Meet Graphene Week speaker James Hone
James Hone, Professor and Chair of Mechanical Engineering at Columbia University, is one of our keynote speakers at Graphene Week 2021.
Europe’s leading graphene conference is coming very soon. The live Graphene Week event runs from 20 – 24 Sep 2021, bringing together a diverse range of speakers from industry, academia, enterprise and beyond. In preparation for the big event, we took the opportunity to get to know our speakers, and ask them why they’re so excited about Graphene Week 2021.
Today, meet James Hone: Professor and Chair of Mechanical Engineering at Columbia University, USA, and Director of the Materials Research Science and Engineering Centre (MRSEC) at Columbia for seven years and counting.
First off, please can you tell me a bit about yourself and your background?
I am a Professor at Columbia University, and I have a PhD in condensed matter physics. I am also the Director of MRSEC at Columbia, and I’ve been involved with graphene since the very beginning. It’s really exciting to be part of a field since its inception, and Columbia has always been a hotbed for graphene research.
Why should people be excited about Graphene Week 2021?
Graphene Week is the premier conference in the field. The best of the best will be there, talking about their latest results. We’ll see basic science, and we’ll also see how the more applied areas have progressed. The live conference is where lots of practical applications will be showcased.
We’ll also be able to see where the challenges are. Which challenges do we need to solve before we see new applications of graphene? This is the place to find out.
Please can you tell me a bit about your field of research?
Just over ten years ago, we discovered the benefits of stacking graphene on top of hexagonal boron nitride (hBN). We became interested in stacking the layers in different ways to make different van der Waals heterostructures.
Thousands of scientists are doing this now, but my group in particular seeks to push the boundaries of the field. We’re continually making new stacks of materials, finding new applications and devising new ways to control them. We also do fundamental material synthesis, and we are ever on-the-hunt for ultra-pure materials with quantum properties.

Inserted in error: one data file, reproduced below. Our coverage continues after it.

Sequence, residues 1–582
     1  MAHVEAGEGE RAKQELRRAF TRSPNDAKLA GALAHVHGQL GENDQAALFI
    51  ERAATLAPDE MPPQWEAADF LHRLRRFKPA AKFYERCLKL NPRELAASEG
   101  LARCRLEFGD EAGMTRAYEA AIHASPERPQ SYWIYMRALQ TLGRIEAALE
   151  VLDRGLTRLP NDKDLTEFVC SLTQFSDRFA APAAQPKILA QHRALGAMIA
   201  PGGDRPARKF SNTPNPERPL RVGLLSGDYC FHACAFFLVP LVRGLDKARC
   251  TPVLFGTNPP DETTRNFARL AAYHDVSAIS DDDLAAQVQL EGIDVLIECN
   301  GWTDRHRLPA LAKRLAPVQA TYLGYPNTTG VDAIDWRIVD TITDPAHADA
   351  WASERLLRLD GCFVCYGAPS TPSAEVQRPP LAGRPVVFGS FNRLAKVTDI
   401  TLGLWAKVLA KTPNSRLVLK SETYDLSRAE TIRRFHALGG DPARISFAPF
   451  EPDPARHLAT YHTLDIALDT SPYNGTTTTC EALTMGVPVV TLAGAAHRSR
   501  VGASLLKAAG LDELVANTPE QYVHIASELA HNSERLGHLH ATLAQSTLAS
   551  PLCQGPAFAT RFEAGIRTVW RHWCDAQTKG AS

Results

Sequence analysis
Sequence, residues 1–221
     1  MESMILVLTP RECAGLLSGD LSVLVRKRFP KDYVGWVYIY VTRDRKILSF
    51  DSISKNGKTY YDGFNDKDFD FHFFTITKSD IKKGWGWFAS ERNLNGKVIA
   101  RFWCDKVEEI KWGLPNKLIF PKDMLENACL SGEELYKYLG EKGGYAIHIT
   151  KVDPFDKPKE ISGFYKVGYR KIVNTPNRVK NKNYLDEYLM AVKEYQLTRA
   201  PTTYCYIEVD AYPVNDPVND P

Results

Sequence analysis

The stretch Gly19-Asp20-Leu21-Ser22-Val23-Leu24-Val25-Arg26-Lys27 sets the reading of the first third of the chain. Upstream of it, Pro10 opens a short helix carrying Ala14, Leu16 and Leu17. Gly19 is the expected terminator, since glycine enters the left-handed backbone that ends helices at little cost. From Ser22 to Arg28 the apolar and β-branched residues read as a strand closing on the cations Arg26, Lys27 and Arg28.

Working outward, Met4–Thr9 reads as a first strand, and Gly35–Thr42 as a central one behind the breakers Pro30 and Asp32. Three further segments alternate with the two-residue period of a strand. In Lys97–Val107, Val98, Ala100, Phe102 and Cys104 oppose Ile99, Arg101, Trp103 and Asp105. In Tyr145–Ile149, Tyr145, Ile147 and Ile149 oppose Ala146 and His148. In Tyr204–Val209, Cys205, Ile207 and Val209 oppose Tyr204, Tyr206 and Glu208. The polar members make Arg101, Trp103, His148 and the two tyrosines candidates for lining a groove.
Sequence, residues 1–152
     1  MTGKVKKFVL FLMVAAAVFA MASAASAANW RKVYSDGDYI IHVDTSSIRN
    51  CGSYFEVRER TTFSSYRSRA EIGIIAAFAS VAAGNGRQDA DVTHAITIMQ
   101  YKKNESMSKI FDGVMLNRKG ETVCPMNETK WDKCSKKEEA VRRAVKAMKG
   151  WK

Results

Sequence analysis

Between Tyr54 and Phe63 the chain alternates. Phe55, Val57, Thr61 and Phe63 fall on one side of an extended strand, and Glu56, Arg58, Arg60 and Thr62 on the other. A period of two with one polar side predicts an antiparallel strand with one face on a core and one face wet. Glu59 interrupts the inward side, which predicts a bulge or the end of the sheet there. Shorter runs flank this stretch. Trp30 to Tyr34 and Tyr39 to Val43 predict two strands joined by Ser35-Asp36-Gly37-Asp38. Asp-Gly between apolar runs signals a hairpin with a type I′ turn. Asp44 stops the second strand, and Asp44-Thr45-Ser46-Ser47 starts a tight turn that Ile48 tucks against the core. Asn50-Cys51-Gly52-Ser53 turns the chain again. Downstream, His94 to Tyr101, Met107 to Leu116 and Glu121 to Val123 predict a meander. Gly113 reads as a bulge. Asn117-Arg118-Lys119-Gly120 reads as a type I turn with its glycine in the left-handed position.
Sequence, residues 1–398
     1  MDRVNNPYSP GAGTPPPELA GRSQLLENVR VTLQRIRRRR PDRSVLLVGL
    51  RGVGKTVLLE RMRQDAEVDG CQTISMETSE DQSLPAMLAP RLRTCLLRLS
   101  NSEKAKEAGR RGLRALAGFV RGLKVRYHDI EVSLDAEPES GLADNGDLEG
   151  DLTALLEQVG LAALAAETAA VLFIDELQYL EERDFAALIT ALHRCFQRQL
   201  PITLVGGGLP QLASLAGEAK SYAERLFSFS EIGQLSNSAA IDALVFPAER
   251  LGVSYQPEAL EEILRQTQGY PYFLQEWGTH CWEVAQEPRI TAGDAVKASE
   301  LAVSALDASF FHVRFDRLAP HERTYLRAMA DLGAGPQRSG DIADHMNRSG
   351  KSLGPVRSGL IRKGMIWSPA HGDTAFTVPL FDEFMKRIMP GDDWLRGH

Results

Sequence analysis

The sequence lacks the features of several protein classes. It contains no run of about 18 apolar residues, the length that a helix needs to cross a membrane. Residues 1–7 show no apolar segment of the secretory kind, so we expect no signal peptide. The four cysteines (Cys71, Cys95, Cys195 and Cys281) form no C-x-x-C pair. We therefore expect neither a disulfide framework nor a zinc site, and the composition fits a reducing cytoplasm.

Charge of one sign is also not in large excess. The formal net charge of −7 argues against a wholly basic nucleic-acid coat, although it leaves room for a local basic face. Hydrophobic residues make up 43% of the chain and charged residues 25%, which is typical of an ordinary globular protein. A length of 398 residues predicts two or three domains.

How did you first become interested in this?
I have been interested in novel materials like graphene ever since I was a PhD student. Back then, carbon nanotubes were the hot new thing. We all wanted to figure out how they worked and what we could do with them. For instance, we’d put wires on them to see how they behave. From then on, I was hooked.
That simple challenge – the spirit of discovery – continues in my work to this day.
Why are graphene and layered materials so important?
Graphene has so many ‘superlative’ properties. It’s super-strong, it has ultra-high electronic mobility, it’s flexible, it has novel optical properties, and so-on. And all of these properties are tuneable, as well.
What are you going to be presenting at Graphene Week?
It’s not certain yet, but I have a lot of ideas. In particular, I want to showcase our fundamental work on materials synthesis, which has made really good progress. As well as this, I’m going to be on the lookout for new opportunities to collaborate with Graphene Flagship scientists.
What’s something you’re personally looking forward to at Graphene Week?
I’m really looking forward to the personal interaction. There are always a lot of fantastic people at Graphene Week, and I’m interested to see how we’re all going to connect online – on the Graphene Flagship’s Graphene Hub.
We’ve all been hunkering down for the last year, so it’s going to be really nice to all come together again through the virtual event. I’m really excited for it.
Learn more about Graphene Week: https://graphene-flagship.eu/events/graphene-week-2021/